Sri Lanka nears victory in long war with Tamil Tigers
The Army has squeezed the rebels into a small patch of jungle since seizing their last major stronghold Sunday. But they could still mount a messy counterinsurgency.
Sri Lanka has edged closer to its military goal of defeating the Tamil Tigers, a rebel movement whose violent struggle for an independent homeland has spanned 26 years and shaped a generation of political strife.Skip to next paragraph
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Government troops said Sunday they had captured the town of Mullaittivu, driving the rebels from their last garrison and into a shrinking patch of jungle. Army chief Lt. Gen. Sarath Fonseka went on national television to declare that 95 percent of the war was over and that victory was imminent. "The end of terrorism is near and we will definitely win," he said.
The fall of Mullaittivu is another blow to the Liberation Tigers of Tamil Eelam, which has held the coastal town since 1996. Earlier this month, the military overran Kilinochchi, the LTTE's administrative capital, and seized a strategic road to Jaffna peninsula in the north.
General Fonseka said Sunday the retreating rebels were in a narrow strip of land measuring about nine miles by 12 miles (20 km by 15 km). Hundreds of thousands of civilians have been trapped by the fighting.
The rapid retreat by one of Asia's longest-running and most ruthless insurgencies has fanned talk of a deliberate ceding of territory in preparation for a protracted guerrilla war. Military commanders have warned of this tactic, as well as of retaliatory terrorist attacks in Colombo, the capital. The LTTE has long used suicide bombers to strike at the heart of Sri Lanka's government.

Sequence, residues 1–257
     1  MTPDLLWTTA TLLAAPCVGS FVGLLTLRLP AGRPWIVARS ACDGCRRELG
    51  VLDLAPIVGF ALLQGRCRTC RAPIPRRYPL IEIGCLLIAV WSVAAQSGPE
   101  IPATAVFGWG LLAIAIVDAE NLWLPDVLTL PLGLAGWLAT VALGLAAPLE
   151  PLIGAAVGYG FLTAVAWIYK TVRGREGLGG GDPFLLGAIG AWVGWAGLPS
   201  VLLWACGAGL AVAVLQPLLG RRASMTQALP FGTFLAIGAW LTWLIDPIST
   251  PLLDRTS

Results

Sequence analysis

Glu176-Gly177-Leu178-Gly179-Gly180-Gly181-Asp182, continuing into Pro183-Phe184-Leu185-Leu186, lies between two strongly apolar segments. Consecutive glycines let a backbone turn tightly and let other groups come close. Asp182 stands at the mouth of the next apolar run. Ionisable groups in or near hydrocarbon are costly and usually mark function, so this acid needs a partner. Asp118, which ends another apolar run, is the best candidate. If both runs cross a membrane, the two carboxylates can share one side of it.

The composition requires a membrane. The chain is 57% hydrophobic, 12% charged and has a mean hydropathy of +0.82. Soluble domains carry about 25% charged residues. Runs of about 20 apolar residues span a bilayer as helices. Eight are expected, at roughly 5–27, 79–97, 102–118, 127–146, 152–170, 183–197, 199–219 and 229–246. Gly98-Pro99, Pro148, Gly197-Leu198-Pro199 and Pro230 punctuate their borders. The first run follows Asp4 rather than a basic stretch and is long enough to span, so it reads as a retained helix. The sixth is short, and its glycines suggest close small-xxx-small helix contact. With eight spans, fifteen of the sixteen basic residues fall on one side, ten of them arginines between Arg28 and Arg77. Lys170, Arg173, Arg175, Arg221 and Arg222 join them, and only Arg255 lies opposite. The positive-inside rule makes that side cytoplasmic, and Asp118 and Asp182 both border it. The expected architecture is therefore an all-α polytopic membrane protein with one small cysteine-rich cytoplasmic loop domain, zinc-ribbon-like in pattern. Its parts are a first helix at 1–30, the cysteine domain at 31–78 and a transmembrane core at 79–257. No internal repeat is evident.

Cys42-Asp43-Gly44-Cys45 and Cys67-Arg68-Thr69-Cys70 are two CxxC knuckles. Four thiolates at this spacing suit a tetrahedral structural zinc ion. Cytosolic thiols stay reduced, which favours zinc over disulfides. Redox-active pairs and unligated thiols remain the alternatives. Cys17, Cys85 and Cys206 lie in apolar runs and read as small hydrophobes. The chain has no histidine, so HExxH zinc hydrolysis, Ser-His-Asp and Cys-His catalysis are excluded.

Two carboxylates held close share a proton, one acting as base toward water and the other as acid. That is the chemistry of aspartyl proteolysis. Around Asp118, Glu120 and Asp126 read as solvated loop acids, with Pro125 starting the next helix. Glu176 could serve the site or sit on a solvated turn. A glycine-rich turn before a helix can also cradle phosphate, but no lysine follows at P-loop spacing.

But another possibility is that the rebels are flailing in the face of a Sri Lankan military that is better equipped and trained than in past battles. Their fighters may also be rudderless: The military has claimed that their commander, Velupillai Prabhakaran, could already have escaped by sea to Southeast Asia.
"The Tigers are putting up a lot less resistance than many expected at this stage of the battle," says Alan Keenan, a senior analyst in Colombo for the International Crisis Group.
Civilian casualties mounting
As the conflict continues, civilian casualties are mounting, to the alarm of UN officials who have urged both sides to minimize suffering to civilians.
Last Thursday, a hospital was shelled, killing at least 30 people. The attack was blamed on the military, which denied firing on the hospital. The pro-rebel Tamilnet website said several people died Sunday when government mortars landed near a UN-run aid warehouse.